Combining both the internal law and the current Treaty at the case at hand, this would imply for Mr. and Mrs. Dupont that a sale:
within the 5 first years following the transfer of tax residence will trigger the payment of the French exit tax. The taxable basis only includes the capital gain accrued until the move out of France. The applicable tax will be around 30% (income tax and social surcharges included). The capital gain related to the period after the move out of France is neither taxable in France as the current Treaty prevents France from applying its taxes according to article 244 bis B mentioned above, nor in Belgium (assuming that the capital gain falls within the scope of the normal management of one’s private estate).
- after the 5 first years following the transfer of tax residence, the sale cannot be taxed in France at all as the French exit tax is waived after 5 years and the current Treaty prevents France from taxing the gain realized since the transfer of residence. Also in Belgium in principle no tax is due (assuming that the capital gain falls within the scope of the normal management of one’s private estate).
The new Treaty contains a specific “substantial shareholding clause”. Therefore, France will not only be allowed to tax a higher portion of the gain but also for a longer period of time. Indeed,:
- within the 5 first years following the transfer of residence, a sale will not only trigger the payment of the French exit tax at around 30% of the gain accrued until the emigration out of France, **but also any gain accrued **whilst the Dupont’s are Belgian tax residents, the tax being reduced to around 12.8% of income tax on this portion of the gain. According to the new Treaty, Belgium is obliged to grant an exemption.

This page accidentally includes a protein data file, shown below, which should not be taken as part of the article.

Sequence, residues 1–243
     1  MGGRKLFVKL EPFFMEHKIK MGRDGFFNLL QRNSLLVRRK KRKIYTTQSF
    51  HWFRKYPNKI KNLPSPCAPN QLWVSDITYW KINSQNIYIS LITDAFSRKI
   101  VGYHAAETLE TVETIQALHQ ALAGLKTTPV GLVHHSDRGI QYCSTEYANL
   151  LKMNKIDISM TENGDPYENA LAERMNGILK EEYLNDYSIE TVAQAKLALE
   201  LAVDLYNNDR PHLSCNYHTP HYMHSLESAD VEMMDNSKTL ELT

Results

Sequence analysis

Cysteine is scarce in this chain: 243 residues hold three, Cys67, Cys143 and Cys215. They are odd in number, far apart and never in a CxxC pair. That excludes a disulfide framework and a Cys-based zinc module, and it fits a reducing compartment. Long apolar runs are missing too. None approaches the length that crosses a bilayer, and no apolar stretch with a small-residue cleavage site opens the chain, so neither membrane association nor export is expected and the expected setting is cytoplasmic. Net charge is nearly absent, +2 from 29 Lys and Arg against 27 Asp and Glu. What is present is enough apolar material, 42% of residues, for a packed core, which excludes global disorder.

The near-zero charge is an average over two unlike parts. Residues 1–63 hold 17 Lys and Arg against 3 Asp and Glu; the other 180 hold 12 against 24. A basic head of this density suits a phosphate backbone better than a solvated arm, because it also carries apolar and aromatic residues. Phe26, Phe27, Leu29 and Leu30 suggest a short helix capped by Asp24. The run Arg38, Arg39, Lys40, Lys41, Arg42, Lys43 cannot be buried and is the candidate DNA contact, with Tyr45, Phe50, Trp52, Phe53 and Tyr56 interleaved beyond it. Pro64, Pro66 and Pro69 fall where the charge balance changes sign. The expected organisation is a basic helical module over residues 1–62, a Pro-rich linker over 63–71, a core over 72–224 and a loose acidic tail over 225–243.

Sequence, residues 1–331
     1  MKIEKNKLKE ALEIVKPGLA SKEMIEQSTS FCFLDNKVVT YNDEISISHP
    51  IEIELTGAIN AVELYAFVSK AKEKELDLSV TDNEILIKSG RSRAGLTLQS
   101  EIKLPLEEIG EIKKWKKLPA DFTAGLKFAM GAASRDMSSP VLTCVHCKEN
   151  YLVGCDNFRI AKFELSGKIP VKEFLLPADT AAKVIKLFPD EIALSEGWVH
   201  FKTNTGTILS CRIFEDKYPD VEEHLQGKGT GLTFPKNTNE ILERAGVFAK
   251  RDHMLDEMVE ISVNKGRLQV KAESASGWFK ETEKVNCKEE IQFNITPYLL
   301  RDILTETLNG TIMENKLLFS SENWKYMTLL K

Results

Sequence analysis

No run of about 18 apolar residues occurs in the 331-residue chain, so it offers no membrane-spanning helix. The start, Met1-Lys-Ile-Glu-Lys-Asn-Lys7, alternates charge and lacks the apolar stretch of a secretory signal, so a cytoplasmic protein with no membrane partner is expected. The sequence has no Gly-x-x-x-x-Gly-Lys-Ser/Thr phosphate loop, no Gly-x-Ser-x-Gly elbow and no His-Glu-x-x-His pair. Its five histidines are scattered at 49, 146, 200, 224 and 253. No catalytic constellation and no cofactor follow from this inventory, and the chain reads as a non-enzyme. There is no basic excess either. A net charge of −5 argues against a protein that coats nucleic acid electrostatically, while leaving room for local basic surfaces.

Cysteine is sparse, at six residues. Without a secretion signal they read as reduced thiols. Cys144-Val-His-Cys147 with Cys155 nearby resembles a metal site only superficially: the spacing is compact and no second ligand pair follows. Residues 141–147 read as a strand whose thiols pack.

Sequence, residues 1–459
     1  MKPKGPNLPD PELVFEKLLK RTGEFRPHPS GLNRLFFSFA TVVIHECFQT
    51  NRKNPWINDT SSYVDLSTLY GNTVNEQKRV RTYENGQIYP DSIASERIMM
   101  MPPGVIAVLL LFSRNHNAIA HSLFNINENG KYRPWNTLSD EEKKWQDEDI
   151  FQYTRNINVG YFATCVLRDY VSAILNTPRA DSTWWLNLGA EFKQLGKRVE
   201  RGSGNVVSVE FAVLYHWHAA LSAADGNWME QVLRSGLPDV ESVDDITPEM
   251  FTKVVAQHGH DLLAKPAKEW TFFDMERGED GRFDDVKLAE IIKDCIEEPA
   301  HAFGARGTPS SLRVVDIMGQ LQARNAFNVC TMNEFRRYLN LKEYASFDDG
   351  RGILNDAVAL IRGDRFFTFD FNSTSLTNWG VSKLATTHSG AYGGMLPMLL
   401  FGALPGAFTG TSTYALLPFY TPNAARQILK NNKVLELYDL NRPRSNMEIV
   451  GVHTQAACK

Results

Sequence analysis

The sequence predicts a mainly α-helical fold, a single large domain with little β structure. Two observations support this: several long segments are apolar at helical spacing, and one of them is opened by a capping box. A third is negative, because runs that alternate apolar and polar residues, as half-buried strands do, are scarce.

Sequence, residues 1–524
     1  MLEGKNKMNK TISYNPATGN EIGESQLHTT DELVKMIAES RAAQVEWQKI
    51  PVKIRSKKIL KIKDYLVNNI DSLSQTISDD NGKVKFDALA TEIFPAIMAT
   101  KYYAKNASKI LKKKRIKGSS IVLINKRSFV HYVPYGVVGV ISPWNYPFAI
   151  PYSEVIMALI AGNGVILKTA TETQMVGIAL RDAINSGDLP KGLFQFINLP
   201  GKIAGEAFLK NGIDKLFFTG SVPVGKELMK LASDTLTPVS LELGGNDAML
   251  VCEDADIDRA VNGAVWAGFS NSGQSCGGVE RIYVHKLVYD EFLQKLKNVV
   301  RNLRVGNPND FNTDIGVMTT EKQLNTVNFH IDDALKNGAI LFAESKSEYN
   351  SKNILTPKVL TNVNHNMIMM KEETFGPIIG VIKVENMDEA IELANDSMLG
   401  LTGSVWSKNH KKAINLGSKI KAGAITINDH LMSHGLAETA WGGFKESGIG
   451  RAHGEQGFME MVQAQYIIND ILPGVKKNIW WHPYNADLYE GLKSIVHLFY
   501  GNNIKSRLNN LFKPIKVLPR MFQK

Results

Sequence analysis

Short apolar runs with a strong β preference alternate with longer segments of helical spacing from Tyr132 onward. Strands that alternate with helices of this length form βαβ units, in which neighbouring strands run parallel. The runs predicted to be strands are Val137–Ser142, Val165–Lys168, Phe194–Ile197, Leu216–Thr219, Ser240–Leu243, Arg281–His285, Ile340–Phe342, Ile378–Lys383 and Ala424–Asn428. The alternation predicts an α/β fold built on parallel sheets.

- after the 5th year and before the end of the 7th year following the transfer of tax residence, a sale triggers taxes on the entire capital gain in France at 12.8%. Hence, even if, according to French domestic law, the exit tax is waived after 5 years, there are two additional years during which France remains entitled to tax the entire capital gain. According to the new Treaty, Belgium again needs to grant an exemption.
- It is only after the 7th year, as a consequence of the new Treaty, a sale should not trigger any taxation of the gain in France. Again, in principle in Belgium no taxes are due (assuming that the capital gain falls within the scope of the normal management of one’s private estate).
This being said, if Belgium will not tax the capital gain, one may wonder if the taxpayer can still benefit from the new Treaty provisions. Indeed, according to the preambular paragraph of the new Treaty, the new Treaty was concluded “to avoid double taxation (…) without creating the possibility of a non-taxation”. But according to the same paragraph, such non-taxation must be the result of “tax evasion or avoidance”. Hence, we strongly recommend Mr and Mrs Dupont that the transfer of their tax residence to Belgium should not be contemplated for tax purposes only. This being said, considering that the issue arises mainly after 7 years of tax residence in Belgium, the risk that the French tax administration challenges the double non-taxation should, in our view, be limited.